Long-term investors in the stock market are betting that the future of companies today will be better than the present or at least as good.
The basic idea is that profits drive stock prices and companies that can deliver consistent profits today and are in position to continue delivering profits are prime targets for long-term investors.
There are many keys to determining whether a company is a good long-term investment or not, but one of the most important is free cash flow.
Without sustained and strong free cash flow, it is difficult to see our company has a competitive vantage or is positioned to deliver profits over the long term.
A competitive advantage, also called an economic moat, gives the company an edge going forward and makes it more difficult for competitors to eat into market share.
Many long-term investors insist that a company have a strong record of free cash flow before they will even consider further investigation.
Free cash flow is the cash left over after the company pays all its bills and invests in future growth. Companies may invest this cash in short-term investments or use it for research and development, acquisitions or other major an extraordinary expenses that are not normally included in day-to-day operating cost.
Free cash flow may seem like esoteric accounting jargon, but is really quite simple when you think about it. If you pay all your bills every month and fund your retirement account and any other investment programs you have and still have money left over you have free cash flow.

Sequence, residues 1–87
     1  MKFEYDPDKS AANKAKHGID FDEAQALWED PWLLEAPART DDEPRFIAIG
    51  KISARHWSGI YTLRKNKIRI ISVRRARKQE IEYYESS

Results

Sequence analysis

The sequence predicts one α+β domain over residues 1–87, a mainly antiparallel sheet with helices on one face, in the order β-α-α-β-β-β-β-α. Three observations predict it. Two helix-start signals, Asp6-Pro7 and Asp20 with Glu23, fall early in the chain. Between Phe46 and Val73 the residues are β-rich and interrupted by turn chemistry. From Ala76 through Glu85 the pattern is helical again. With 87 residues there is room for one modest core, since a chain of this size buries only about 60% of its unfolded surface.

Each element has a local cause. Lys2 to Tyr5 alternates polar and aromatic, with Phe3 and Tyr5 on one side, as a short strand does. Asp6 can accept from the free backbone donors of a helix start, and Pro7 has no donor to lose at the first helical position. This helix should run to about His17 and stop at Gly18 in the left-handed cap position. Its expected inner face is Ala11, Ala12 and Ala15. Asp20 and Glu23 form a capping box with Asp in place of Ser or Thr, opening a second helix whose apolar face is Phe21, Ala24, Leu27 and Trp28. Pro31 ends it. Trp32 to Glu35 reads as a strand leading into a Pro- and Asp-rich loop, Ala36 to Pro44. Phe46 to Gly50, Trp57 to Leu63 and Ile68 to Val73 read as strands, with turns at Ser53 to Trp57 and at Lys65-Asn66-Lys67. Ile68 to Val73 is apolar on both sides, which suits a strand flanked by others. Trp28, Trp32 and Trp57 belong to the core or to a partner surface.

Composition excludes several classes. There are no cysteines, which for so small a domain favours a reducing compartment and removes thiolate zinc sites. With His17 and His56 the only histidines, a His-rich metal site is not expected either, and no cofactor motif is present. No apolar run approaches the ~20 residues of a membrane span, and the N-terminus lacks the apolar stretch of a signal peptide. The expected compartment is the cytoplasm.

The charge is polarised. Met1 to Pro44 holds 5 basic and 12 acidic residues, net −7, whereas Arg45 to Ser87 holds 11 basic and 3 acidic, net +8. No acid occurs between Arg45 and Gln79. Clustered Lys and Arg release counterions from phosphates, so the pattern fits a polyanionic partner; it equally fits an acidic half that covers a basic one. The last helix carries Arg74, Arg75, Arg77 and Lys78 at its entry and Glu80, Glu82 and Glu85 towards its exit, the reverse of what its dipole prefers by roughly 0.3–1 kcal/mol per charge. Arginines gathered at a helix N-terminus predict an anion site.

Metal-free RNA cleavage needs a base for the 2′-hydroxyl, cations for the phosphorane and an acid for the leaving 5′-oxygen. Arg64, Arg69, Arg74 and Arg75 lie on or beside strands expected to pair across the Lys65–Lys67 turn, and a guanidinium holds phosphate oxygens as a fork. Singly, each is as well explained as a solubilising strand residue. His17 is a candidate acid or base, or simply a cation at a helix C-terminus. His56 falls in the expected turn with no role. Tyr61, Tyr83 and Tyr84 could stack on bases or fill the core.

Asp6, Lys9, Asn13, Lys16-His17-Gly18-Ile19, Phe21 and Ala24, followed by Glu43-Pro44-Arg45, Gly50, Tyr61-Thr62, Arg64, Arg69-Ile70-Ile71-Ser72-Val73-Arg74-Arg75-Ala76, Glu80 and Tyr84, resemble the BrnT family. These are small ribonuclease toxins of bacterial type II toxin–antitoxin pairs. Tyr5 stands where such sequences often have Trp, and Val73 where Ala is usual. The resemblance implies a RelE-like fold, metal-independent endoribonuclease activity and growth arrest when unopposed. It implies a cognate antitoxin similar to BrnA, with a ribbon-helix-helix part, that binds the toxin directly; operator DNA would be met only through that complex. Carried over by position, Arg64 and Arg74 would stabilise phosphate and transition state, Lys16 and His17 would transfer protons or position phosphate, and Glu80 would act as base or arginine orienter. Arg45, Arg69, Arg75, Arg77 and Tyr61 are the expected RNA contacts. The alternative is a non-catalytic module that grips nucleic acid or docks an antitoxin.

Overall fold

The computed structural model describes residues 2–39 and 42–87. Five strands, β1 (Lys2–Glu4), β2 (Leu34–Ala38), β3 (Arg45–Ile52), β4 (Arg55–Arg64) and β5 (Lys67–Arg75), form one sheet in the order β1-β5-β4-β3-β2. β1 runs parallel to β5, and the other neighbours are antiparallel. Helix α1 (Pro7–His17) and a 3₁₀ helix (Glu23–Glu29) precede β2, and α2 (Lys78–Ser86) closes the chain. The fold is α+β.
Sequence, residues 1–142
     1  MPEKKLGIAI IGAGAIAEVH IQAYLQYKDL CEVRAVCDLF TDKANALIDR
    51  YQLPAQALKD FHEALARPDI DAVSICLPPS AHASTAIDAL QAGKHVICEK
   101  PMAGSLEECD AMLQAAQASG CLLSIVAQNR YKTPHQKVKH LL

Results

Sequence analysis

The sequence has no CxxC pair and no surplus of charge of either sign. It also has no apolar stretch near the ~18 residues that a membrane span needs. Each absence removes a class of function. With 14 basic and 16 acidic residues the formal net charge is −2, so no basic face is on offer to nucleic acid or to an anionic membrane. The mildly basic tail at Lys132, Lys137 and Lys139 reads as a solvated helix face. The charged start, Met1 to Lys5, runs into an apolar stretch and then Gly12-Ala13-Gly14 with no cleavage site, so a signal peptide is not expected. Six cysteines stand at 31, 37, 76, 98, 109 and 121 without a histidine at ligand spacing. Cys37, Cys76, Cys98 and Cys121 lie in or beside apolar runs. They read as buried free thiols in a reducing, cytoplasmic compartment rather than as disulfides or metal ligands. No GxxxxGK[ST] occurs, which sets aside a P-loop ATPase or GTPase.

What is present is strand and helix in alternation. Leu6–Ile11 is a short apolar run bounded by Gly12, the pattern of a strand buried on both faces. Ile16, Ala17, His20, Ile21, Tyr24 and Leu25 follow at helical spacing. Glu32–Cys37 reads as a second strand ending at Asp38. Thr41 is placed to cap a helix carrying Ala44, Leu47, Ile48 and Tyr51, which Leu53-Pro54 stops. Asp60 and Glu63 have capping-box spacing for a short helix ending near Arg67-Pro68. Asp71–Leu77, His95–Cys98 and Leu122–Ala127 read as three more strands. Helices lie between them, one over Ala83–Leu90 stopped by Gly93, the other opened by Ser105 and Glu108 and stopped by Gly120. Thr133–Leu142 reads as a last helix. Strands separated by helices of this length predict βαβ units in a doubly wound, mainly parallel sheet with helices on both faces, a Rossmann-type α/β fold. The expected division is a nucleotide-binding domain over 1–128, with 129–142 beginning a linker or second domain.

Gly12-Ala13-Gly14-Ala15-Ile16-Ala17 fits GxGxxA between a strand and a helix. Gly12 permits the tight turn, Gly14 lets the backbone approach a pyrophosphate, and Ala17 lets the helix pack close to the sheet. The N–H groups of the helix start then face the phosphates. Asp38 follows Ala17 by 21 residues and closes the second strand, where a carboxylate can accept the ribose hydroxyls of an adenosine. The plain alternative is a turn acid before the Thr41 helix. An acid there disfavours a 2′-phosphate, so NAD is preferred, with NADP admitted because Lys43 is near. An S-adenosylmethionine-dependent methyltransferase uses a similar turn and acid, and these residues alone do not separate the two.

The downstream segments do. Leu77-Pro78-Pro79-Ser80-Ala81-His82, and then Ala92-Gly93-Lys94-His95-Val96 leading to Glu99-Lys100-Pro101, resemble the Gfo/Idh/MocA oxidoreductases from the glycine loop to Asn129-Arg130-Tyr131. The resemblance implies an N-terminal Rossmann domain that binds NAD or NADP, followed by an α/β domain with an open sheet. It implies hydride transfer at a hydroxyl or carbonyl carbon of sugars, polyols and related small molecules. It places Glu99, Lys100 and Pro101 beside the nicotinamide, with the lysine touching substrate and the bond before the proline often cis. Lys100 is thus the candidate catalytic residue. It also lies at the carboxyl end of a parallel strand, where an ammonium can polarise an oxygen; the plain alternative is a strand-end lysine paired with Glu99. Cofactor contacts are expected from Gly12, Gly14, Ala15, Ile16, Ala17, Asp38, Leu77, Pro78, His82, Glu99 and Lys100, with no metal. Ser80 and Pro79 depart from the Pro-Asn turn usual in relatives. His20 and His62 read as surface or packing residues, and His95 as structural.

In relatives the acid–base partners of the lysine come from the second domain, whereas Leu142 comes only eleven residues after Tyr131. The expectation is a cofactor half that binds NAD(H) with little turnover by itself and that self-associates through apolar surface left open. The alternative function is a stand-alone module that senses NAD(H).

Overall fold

That extra cash is not committed to anything such as car payments or student loans or insurance. Because those all been taken care of already.
Same is true the company is paying all its bills made some investments future which could be research and development or building new building or acquiring new machinery and still they have money left over.
Most define free cash flow as operating cash flow minus capital expenses investments. Operating cash flow is the money generated from the business of the company, as opposed to funds derived from the sale of a subsidiary for example.
These numbers can be found on the company's statement of cash flows, although many websites report these numbers and in some cases, the websites report free cash flow directly, Yahoo Finance, for example.
What should investors look for in terms of free cash flow and how should they measure its impact on the company?
One of most common ways to measure the strength of free cash flow is to look at it as a percentage of sales. If that percentage exceeds 5 to 7% of sales, then it is a good assumption that this company probably has a competitive advantage or economic moat.
Companies that have a strong financially don't get that way by accident. They often have high operating margins and lower expenses than their competitors.
Free cash flow, like all other financial measures makes more sense when viewed in context. Compare it to other companies in its industry and look back to determine if the strong free cash flow has a history or is something new to the company.
Although there are many other factors to consider, a history of strong free cash flow is a good indication that the company probably has a competitive advantage and is worthy of a deeper dive into the other factors that determine whether it is in fact a good long-term investment.
Many long-term investors reject out of hand companies that do not have a history of strong free cash flow.